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Computing sin without a Chart

Date: 02/23/98 at 09:49:03
From: Mark Ranum
Subject: converting a sin angle back to degrees

I need to be able to convert a sin angle back to degrees.  Is there a 
formula for doing this?  For instance, if I have  sin .10511, this is 
equivalent to 6 deg, 2 min.  But how do I determine that?  I found a 
chart that can do this for me if I look it up, but I need to be able 
to have the formula, so that I can do this without the chart.



Date: 02/23/98 at 13:04:26
From: Doctor Rob
Subject: Re: converting a sin angle back to degrees

You are asking for the angle whose sine is .10511 (or arcsin[.10511]),
expressed in degrees, if I understand you correctly.  Here is a 
formula that works for sines not equal to 1 (which you can do yourself 
in another way!):

   arcsin(x) = (180/Pi)*[x + (1/2)*x^3/3 + (1/2)*(3/4)*x^5/5 +
                           (1/2)*(3/4)*(5/6)*x^7/7 + ...].

Take as many terms as you need to get the desired accuracy.  To get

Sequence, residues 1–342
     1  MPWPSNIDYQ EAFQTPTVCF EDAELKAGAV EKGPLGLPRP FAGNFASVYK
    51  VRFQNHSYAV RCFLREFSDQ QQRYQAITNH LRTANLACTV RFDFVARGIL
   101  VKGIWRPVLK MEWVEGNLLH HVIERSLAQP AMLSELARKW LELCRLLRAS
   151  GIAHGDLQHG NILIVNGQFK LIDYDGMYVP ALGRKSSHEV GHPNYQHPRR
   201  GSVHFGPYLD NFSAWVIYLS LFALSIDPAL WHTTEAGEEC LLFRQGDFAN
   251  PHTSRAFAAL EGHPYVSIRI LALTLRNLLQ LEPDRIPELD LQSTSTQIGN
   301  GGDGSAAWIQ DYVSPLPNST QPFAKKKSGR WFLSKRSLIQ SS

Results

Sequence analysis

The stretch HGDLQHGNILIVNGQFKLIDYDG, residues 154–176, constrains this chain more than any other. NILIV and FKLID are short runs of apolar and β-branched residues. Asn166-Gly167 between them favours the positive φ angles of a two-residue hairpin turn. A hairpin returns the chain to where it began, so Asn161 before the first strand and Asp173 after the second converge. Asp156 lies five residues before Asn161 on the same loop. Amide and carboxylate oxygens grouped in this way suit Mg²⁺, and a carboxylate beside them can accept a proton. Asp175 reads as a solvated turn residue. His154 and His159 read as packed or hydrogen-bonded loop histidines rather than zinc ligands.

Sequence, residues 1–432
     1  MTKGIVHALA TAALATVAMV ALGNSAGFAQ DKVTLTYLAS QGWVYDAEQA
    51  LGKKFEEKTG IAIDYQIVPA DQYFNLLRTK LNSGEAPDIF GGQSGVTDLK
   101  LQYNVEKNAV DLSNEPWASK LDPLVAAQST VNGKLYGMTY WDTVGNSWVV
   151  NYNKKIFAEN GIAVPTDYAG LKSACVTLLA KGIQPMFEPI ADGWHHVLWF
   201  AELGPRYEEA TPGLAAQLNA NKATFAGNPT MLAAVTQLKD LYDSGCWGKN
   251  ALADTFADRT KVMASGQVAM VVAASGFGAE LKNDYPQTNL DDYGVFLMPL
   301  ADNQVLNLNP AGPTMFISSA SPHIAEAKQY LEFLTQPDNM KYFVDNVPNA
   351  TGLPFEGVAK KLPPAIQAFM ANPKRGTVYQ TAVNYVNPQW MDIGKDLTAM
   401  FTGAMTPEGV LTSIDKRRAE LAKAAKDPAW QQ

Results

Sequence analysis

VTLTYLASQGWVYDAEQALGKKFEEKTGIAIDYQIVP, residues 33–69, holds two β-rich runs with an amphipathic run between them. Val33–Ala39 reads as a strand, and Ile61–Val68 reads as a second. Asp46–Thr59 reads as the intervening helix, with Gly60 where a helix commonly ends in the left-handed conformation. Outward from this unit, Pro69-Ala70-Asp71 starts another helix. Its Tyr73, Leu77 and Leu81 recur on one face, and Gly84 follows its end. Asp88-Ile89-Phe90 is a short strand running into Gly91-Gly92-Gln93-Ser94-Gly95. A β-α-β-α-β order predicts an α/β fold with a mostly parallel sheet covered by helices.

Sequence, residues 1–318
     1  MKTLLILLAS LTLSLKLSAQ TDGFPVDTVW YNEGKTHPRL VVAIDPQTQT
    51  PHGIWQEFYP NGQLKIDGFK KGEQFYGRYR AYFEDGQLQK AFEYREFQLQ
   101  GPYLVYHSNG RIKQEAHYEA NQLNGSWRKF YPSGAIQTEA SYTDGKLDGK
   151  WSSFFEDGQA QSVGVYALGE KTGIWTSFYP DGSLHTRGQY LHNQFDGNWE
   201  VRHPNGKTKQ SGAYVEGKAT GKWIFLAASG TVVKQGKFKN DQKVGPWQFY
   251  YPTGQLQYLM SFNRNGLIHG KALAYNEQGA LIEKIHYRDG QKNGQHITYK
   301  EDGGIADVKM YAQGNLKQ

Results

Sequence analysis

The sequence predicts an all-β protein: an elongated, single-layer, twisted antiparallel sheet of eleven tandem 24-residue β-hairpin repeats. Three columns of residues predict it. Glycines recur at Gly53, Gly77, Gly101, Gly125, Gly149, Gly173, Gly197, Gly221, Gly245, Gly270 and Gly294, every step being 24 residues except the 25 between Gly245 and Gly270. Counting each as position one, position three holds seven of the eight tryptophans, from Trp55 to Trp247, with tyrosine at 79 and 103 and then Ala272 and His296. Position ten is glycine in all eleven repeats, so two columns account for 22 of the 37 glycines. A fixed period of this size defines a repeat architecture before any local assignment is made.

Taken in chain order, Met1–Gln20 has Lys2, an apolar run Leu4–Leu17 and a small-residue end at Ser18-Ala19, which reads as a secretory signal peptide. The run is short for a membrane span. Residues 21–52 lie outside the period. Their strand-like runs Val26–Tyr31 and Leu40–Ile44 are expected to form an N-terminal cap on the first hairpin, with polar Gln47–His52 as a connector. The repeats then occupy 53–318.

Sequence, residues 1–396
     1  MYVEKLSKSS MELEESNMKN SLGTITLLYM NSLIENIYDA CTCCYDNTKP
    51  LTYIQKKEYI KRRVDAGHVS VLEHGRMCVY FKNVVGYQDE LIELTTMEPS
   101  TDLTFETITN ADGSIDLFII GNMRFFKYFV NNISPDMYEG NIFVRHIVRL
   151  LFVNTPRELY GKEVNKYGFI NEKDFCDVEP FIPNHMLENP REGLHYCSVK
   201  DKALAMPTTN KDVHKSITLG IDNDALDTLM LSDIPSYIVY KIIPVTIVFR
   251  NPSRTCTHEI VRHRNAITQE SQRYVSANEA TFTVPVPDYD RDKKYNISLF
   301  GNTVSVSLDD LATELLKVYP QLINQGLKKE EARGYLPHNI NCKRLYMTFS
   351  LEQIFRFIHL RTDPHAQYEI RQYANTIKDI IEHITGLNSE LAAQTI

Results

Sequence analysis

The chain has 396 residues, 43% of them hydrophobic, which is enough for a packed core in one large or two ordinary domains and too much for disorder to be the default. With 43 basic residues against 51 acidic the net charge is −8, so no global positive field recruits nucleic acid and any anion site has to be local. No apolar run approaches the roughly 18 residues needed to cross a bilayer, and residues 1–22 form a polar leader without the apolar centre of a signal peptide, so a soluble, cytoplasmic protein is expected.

the term involving x^n from the one involving x^(n-2) just preceding 
it, multiply by x^2*(n-2)^2/[n*(n-1)].  For x near 1, this will take 
quite a few terms.  For x near 0, this will take only a few terms.

Once you have the number of degrees in decimal form, the integer part 
(to the left of the decimal) will give you the whole number of 
degrees.  Then multiply the fractional part (to the right of the 
decimal) by 60 to get the decimal number of minutes.  The integer part 
of that will give you the whole number of minutes.  Then multiply the 
fractional part by 60 to get the decimal number of seconds.

In your example,

   arcsin(x) = (180/Pi)*[.10511 + .0001935 + .00000096 + ...],
             = 57.2957795...*0.1053045...,
             = 6.033504... degrees,
             = 6 degrees 2.0102 minutes,
             = 6 degrees 2 minutes 0.615 seconds.

If this is not what you wanted, write back and I'll try again!

-Doctor Rob,  The Math Forum
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Associated Topics:
High School Trigonometry

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